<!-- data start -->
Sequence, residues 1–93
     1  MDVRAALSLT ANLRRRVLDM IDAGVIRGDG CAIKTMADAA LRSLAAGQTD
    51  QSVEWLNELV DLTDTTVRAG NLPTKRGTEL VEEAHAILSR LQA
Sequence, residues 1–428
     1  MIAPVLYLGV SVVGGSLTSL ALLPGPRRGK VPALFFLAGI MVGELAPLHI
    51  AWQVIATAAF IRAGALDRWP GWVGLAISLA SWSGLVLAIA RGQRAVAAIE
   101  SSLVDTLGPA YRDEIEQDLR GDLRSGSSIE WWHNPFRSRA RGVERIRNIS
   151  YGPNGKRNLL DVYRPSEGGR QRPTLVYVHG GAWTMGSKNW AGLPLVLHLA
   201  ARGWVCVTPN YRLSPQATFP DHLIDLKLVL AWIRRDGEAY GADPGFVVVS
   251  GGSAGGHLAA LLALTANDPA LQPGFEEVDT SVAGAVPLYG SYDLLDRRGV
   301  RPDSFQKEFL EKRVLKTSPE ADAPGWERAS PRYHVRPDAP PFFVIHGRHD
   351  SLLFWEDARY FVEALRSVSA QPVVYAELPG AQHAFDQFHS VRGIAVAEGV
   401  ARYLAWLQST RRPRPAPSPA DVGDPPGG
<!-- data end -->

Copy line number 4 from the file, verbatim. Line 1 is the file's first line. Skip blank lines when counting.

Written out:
Sequence, residues 1–428